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  • Political Holidays

Abkhazia's Foreign Relations: An Overview


By: Heidi Koelle



One of the defining characteristics of unrecognized countries and quasi-states is meeting conditions of being a state (Kolsto 2006).



The criteria for statehood according to the Montevideo convention, are;


1) A border.

2) Permanent population.

3) Government.

4) The ability to enter into relations with other states.


Abkhazia, like Transnistria, has met the first three requirements, but not so much of the last one. Although compared to most of the unrecognized countries in the post-Soviet sphere, it has made more progress.


International Recognition of Abkhazia


Presently, Abkhazia has recognition from 6 countries. The main one being the Russian Federation - most of the residents of Abkhazia have a Russian passport.



The material improvement comes thanks to Russia, which recognized it as an independent state in 2008, stations around 4,000 troops there, covers about two-thirds of the government budget, and provides vital tourist revenue.


Russia has a massive embassy in the middle of Sukhumi. This building rivals most of the presidential offices (Dewaal;2018;19).


However, the Abkhaz elite shows no desire to become part of Russia and push back against various Russian efforts to assume more control. The Abkhaz pushed a controversial law that bans Russians from owning property.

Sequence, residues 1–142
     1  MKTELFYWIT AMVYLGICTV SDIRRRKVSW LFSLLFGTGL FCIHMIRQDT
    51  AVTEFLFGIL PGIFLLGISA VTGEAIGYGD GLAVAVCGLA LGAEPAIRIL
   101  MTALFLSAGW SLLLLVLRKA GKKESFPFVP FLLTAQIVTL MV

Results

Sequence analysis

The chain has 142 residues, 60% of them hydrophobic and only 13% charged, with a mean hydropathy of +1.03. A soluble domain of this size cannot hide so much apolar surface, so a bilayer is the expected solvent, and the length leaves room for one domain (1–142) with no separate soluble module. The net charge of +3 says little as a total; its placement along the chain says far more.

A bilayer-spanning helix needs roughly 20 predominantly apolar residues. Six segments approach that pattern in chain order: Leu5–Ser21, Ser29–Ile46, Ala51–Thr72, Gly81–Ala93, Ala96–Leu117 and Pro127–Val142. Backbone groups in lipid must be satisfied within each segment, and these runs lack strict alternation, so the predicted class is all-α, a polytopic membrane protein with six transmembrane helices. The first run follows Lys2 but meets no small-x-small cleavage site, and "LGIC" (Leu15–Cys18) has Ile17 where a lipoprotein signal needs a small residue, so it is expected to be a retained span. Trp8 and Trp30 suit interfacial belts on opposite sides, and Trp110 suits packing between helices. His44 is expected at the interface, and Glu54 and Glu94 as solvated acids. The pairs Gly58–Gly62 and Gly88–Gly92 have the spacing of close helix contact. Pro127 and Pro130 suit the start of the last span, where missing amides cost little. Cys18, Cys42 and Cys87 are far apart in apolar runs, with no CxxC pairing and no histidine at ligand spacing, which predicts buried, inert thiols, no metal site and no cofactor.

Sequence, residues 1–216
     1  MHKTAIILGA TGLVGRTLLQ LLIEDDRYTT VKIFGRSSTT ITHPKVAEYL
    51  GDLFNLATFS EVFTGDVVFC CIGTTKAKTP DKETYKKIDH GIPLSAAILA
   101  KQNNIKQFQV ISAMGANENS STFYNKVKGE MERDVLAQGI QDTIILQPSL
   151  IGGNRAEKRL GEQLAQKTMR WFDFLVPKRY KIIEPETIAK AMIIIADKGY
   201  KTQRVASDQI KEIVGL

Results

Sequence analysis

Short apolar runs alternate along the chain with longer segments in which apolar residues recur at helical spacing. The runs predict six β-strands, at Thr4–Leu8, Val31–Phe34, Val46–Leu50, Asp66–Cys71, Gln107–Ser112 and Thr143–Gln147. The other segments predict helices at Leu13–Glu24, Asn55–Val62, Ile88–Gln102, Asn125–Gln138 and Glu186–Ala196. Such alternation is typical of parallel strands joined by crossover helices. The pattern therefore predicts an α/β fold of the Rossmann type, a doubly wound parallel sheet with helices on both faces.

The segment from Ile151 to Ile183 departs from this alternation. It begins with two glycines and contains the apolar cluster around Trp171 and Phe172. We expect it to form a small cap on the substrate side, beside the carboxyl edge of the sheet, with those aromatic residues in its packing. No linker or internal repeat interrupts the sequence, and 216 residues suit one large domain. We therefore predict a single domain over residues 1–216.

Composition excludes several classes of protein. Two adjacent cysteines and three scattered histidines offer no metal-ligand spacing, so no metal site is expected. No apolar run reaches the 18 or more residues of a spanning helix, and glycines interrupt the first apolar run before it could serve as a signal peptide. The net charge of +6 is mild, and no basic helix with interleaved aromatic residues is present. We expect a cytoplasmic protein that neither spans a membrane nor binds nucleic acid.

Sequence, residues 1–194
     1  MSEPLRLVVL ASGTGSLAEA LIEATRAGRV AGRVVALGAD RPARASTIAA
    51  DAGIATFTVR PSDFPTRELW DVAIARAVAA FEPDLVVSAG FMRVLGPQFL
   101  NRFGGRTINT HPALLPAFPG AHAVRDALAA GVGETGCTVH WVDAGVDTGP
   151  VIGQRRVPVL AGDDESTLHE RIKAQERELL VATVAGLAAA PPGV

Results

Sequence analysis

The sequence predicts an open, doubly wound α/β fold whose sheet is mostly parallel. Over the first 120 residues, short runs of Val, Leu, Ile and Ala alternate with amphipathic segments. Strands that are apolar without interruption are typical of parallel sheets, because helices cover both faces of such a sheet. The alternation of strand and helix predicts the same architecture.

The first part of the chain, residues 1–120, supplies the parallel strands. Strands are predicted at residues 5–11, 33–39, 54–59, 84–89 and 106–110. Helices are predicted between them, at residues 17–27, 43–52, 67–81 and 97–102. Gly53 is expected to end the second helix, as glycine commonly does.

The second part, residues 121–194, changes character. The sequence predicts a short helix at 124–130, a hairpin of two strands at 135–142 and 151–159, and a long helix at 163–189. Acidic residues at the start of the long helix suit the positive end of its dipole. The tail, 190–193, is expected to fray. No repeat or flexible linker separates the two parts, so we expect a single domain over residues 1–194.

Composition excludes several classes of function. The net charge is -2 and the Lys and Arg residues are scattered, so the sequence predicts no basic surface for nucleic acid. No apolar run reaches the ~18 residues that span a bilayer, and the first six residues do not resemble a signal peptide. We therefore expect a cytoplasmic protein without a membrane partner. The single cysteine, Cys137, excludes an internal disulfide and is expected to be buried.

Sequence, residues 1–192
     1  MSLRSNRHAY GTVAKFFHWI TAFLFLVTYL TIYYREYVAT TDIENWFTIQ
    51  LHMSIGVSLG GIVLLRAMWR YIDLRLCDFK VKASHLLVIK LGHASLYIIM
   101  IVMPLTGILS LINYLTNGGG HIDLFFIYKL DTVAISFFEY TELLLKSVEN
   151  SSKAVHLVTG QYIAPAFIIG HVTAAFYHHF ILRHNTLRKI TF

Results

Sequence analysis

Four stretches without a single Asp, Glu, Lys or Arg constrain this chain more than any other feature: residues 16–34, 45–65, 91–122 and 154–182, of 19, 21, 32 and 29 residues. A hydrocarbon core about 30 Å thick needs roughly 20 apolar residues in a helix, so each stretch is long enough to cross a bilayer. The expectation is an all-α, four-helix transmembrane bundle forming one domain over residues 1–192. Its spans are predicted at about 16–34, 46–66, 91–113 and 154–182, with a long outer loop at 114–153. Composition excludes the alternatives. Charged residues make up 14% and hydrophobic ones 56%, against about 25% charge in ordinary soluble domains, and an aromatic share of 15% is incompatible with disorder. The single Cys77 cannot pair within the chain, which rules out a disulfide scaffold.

There have also been several revisions to the Russian- Abkhaz friendship treaty formed in 2014 because the Abkhaz feared this gave the Russian Federation too much control.


Despite the Abkhaz unwillingness to be absorbed into the Russian Federation, the relationship is beneficial to both sides. The Russian federation benefits by having a hand in the geopolitics direction of the Republic of Georgia by acting as a patron state to Abkhazia.


As long as the Republic of Georgia has both of the conflicts with Abkhazia and South Ossetia, it is becoming increasingly difficult for it to integrate into Western institutions. This has given Georgia the incentive to try to resolve these conflicts.


Abkhazia also benefits by having the Russian Federation as a patron state because, without it, they would not be able to sustain itself economically and militarily. 80% of what is consumed in Abkhazia is imported from the Russian Federation ( Gerrits 2016).